By this time I was several months into my rehabilitation program with Vera. She had shown me how to label my clothing with small Braille tags which could be sewn onto the label of a garment. I even learned to thread a needle using either a wire needle threader or a dental floss threader. We had worked on some housecleaning tasks like vacuuming and cleaning a countertop in the kitchen. I learned to be very systematic when I cleaned something, using a pattern of horizontal and vertical swaths or ever widening concentric circles to make sure I covered the whole surface.
Finally, the cooking lessons began. “Bring volume two of your Braille book into the kitchen,” Vera instructed. “Do you remember that recipe for sugar cookies at the end of the book?”
“Of course I remember it,” I said ruefully. “That was one of the most difficult parts of the whole book!”
Vera laughed, “I know. I hear that from all my students.” Returning to the kitchen with the book, I opened it to the pages with the sugar cookie recipe.
“The first problem,” Vera began, “is to know what’s what and what’s where. Oh, you’ll need your Braille label maker too.”
Fetching the labeler, I placed it on the chopping block in the middle of the kitchen.
“Where do you keep the flour and sugar,” Vera began. Opening the drawer in which these items were kept I got them out and placed them on the chopping block next to the braille labeler. Examining the jars Vera said, “Go ahead and make a label for sugar and one for flour.” As I completed each label I handed it to Vera. She affixed each of them to the lid of the proper jar.
Next, Vera asked me to get out measuring cups and spoons. “Now, the measuring cups are graduated like this; the largest is one cup, the next is a half a cup, the next is a third, and the last is a quarter of a cup.” She went on, “You’ll always know which is which if they’re all together, but they won’t always be together. So, here’s what we’ll do.”
She showed me a small file. “We’ll leave the largest cup alone. Here, hand me the others.” I heard her filing away for a few minutes and then she handed the cups back to me. “Feel along the right edge of each handle,” she told me, “the half cup has two little notches, the third of a cup has three, and the fourth cup has four. Can you feel them?”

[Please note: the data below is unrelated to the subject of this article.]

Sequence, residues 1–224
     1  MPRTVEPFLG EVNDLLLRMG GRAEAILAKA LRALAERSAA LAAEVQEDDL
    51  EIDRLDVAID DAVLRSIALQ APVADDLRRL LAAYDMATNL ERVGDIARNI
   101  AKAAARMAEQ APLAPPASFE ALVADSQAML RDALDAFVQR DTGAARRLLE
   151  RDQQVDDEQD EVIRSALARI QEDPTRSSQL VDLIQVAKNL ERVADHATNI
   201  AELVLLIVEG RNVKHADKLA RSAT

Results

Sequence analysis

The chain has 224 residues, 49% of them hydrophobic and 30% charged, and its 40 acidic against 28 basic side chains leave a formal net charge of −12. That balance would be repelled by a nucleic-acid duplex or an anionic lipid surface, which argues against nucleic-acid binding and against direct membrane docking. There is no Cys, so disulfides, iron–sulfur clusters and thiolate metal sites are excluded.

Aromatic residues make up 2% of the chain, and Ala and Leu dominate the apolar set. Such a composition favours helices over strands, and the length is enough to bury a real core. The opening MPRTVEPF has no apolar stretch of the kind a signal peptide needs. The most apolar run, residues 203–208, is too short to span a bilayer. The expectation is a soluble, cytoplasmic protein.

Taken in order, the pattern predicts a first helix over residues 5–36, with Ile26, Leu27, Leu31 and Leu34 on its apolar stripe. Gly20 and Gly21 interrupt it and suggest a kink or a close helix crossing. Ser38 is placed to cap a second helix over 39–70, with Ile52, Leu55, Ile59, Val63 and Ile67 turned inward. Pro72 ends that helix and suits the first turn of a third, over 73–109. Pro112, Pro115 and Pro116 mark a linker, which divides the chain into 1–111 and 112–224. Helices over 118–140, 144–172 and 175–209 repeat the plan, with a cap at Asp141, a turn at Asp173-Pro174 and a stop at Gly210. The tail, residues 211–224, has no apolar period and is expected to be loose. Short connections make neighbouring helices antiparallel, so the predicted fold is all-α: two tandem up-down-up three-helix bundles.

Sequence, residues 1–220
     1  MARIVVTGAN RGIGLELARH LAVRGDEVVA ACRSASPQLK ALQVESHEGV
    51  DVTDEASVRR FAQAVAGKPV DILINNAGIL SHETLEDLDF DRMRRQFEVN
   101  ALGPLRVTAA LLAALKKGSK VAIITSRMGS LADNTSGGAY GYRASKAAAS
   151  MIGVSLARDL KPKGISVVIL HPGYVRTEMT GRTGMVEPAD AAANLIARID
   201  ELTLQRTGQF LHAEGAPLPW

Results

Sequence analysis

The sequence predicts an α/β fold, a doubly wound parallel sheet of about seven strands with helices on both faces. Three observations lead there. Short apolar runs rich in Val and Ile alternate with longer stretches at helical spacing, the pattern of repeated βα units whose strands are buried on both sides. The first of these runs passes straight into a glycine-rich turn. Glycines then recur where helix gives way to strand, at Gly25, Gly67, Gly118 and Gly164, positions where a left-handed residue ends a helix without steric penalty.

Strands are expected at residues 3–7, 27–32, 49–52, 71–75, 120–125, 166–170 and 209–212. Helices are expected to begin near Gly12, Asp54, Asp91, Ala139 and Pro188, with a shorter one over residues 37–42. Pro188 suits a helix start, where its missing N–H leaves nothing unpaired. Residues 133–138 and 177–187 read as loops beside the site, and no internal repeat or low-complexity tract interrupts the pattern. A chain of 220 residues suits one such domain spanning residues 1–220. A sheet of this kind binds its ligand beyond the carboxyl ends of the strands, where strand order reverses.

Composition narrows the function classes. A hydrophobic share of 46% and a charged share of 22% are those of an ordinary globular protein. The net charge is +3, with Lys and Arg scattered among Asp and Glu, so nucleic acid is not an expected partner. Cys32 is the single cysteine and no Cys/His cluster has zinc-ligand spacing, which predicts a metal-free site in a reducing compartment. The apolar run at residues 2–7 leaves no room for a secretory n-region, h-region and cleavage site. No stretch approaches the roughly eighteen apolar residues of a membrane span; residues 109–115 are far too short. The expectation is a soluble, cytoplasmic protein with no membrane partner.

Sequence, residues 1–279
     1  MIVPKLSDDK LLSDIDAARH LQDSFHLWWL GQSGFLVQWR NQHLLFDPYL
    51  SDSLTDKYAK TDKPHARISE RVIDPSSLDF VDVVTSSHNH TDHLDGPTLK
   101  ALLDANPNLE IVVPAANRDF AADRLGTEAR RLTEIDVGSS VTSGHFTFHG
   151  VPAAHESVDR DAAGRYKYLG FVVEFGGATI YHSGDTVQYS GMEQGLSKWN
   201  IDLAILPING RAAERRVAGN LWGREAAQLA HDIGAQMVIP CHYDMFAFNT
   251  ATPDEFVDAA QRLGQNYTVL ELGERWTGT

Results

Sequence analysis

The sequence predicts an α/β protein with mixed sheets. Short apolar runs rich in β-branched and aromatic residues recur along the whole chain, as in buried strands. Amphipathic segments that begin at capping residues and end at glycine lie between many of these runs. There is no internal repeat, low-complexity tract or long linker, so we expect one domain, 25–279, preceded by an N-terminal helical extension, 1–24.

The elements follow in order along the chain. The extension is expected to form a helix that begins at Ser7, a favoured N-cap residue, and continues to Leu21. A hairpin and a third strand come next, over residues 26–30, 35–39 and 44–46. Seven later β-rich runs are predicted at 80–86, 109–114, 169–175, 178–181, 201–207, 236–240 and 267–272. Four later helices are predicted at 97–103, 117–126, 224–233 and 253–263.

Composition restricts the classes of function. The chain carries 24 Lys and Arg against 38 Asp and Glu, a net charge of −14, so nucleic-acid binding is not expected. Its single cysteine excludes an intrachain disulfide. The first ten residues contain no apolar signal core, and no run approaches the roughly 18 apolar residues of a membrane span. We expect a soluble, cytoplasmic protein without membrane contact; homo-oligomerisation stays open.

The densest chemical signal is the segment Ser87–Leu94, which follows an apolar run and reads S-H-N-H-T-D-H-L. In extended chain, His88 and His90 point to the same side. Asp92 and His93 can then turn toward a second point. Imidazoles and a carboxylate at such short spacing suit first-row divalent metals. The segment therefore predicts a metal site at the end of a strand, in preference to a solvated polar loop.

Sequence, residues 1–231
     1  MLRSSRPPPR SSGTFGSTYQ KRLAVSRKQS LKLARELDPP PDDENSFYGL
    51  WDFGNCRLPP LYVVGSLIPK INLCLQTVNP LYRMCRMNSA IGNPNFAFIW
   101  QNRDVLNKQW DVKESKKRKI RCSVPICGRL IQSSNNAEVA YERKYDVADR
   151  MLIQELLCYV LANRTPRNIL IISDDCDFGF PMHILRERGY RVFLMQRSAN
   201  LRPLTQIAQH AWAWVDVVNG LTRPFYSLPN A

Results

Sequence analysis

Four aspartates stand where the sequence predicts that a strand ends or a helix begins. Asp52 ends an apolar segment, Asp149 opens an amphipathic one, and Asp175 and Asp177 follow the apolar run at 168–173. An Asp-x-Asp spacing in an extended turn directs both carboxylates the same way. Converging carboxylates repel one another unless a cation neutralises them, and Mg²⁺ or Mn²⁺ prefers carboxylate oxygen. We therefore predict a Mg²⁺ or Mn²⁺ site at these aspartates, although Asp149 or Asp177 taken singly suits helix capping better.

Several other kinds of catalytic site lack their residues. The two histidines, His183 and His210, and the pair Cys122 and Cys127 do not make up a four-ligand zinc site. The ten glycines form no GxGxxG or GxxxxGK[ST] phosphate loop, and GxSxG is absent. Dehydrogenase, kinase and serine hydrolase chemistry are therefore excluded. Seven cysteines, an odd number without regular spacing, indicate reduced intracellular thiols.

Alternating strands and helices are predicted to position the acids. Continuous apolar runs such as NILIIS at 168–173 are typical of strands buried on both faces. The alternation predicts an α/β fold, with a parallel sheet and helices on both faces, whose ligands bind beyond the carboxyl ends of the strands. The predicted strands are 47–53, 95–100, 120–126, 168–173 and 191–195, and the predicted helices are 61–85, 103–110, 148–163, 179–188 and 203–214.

“Yes,” I said in amazement. “How did you think of that?”
“Oh, it’s just one of the tricks in my bag.”
“Now, the next thing we need to do is mark the stove so that you can set it to the proper temperature. Yet again, Vera dug into her bag. This time she came out with some little bumps with adhesive backing.
“Mrs. Wiygul,” Vera began. “Can you help us here?”
Mama was watching from a stool on the other side of the counter. “Yes, what do you want me to do?”
“If you can just stick this little bump on the pointer of the oven temperature knob…”
Taking the proffered bump, Mama walked over to the stove and affixed the bump to the knob.
“Next,” continued Vera, “Here are three more bumps. Place them on the two fifty, three fifty, and four fifty marks.”
“Okay,” said my mother, “I think I’ve gotten them all in the proper places.”
“Sue, step up and tell me if you can feel them.” I could and I said so.
“The only thing left now is to mark the “bake” and “broil” on the oven set knob.” We proceeded as before but this time Vera had me use the Braille labeler to create two small pieces of Dymo tape. One had “Bk” and the other had “Br.” Once these labels were in place Vera had me set the oven to several different temperatures and asked my mother to confirm that I had done it properly.
“This is so ingenious,” said my mother in amazement. “How do you think of all of these things?”
“Well, it helps that I live with blindness every day. You know, sometimes necessity is the mother of invention,” replied Vera.
The preparation of the cookie dough proceeded. I found that I had to wash my hands constantly. They had to be clean each time I returned to the Braille recipe so that I wouldn’t soil the pages of the book. “How the heck am I supposed to measure a quarter teaspoon of vanilla?” I asked as I read the next line of the recipe.
“Do you have a very small wide-mouthed jar?” Vera asked my mother.
After rummaging around for a minute, my mother asked, “Will this one do?”
Taking the jar, Vera said, “Oh yes, this is perfect.”